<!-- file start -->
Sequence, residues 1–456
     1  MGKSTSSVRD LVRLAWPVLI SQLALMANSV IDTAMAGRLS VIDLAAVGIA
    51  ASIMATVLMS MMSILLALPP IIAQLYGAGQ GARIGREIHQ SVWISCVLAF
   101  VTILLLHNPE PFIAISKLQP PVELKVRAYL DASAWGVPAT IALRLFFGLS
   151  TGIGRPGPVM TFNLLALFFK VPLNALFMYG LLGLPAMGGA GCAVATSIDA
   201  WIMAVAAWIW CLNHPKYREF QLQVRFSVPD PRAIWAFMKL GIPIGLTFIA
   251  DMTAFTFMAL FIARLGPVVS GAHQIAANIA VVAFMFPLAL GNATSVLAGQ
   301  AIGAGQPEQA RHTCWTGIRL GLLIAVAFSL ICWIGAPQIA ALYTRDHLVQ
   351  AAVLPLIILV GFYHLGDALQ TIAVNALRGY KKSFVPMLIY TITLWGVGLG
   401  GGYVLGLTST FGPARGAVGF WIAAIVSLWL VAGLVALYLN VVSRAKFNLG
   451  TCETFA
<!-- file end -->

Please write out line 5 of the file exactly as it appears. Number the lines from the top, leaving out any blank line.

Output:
   151  TGIGRPGPVM TFNLLALFFK VPLNALFMYG LLGLPAMGGA GCAVATSIDA